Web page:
American 'freedom fighter' Matthew VanDyke releases film on Syria
Last week, following considerable online buzz, self-styled “American freedom fighter" and documentary filmmaker Matthew VanDyke released the short film he has directed about the conflict in Syria. You may remember VanDyke from the civil war in Libya, where he fought on the side of the rebels. Captured by Gaddafi’s soldiers and thrown in jail, he spent almost six months in solitary confinement. Close to suicide, he only escaped when the guards abandoned his prison and a fellow inmate broke the lock on his cell.
This time, in Syria, VanDyke decided to shoot with a camera, not a machine gun. In late 2012, at considerable personal risk, he travelled to Aleppo, one of the cities worst hit by the civil war. There he met members of the rebel Free Syrian Army and shot the 14-minute film "Not Anymore: A Story of Revolution". He has now released the film on YouTube, weeks ahead of schedule. It is doing the festival circuit and has already picked up over a dozen awards, including the Audience Favorite Documentary Award at the Palm Springs International ShortFest.
“Not Anymore” features two charismatic protagonists: a young woman named Nour, who was an English teacher before the war but has now picked up a digital camera to document the conflict, and an FSA rebel fighter called Mowya, who has previously been arrested and tortured by Bashar al-Assad’s forces. It is impossible not to emphasise with the two young Syrians and VanDyke's film is extremely moving.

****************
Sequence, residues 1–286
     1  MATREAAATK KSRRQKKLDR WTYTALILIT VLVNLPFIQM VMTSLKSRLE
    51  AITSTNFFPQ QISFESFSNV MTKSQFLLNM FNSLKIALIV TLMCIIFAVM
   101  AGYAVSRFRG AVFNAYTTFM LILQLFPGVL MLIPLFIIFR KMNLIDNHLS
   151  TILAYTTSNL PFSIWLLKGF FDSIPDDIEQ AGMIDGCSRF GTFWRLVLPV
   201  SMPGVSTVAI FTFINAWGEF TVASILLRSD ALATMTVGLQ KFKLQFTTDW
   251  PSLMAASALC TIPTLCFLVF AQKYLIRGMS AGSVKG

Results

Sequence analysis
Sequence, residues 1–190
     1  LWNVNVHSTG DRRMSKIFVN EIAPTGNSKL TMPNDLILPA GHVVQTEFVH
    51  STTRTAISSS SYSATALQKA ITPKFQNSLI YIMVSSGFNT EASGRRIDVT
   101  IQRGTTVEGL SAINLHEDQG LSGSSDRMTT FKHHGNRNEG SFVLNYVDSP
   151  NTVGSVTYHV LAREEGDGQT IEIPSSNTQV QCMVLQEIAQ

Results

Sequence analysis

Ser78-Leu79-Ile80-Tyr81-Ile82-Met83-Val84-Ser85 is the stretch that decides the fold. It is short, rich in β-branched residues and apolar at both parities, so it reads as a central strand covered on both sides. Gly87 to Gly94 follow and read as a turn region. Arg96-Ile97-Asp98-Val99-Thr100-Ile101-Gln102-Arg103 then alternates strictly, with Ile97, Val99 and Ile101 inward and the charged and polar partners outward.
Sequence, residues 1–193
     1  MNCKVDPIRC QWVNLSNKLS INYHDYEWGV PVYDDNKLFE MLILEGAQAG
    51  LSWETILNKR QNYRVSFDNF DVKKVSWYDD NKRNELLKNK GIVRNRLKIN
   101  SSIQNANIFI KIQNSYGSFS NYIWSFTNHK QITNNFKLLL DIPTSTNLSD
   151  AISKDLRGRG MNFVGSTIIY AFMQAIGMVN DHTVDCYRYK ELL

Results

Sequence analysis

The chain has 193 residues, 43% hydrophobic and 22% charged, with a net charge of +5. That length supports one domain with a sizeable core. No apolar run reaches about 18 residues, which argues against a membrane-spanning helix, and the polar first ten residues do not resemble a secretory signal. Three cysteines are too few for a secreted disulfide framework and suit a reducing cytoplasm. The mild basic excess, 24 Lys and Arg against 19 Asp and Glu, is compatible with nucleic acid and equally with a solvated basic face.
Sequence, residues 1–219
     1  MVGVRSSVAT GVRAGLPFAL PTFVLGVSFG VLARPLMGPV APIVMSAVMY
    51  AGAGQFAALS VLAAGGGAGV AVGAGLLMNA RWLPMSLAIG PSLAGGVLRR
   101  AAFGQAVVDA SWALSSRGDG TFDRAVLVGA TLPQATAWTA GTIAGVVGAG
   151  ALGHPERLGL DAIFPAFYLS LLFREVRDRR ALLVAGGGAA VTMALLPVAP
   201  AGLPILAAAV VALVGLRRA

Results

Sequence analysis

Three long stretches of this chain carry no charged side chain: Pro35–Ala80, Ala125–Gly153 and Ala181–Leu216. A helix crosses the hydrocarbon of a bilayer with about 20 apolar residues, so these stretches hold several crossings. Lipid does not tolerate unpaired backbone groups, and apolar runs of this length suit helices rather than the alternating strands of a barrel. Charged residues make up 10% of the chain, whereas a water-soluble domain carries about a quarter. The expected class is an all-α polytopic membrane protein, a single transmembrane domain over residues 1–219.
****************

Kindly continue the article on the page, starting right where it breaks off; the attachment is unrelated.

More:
The documentary "Not Anymore: A Story of Revolution", directed by Matthew VanDyke.
Perhaps the film's only flaw is that it portrays the conflict as a somewhat simplistic “regime forces vs. rebels” equation. Today, the rebels have been considerably infiltrated by hardline elements. A recent report by IHS Jane's, a defence consultancy, estimates that nearly half the rebel fighters are now aligned with jihadist or hardline Islamist groups. Earlier this week, near the Turkish border, the al Qaeda front group ISIS (Islamic State of Iraq and the Levant) actually clashed with the FSA for the first time. But in a 14-minute film made in one city, it is obviously impossible to give a complete picture of a complex civil war.
“I spent everything I had on this film and I am in financial debt as a result”, VanDyke says on his Facebook page. It is unclear how he will be able to benefit from the film financially, having released it for free. In any case, he is asking his fans to “aggressively share” it on social networks. “Don't just watch the film, USE the film, day after day, week after week, to improve the image of this revolution and gain international support for it”, he urges. VanDyke is hoping that with sufficient press coverage, the film “could go viral similar to Kony 2012 and have a huge impact on world opinion of the Syrian revolution”.
Earlier this month, when Western military action against Syria appeared likely, VanDyke began mailing DVDs of his film to members of Congress in a bid to convince them to back military strikes against the Assad regime. But that option is now off the table.
Thumbnail photo: YouTube screen capture.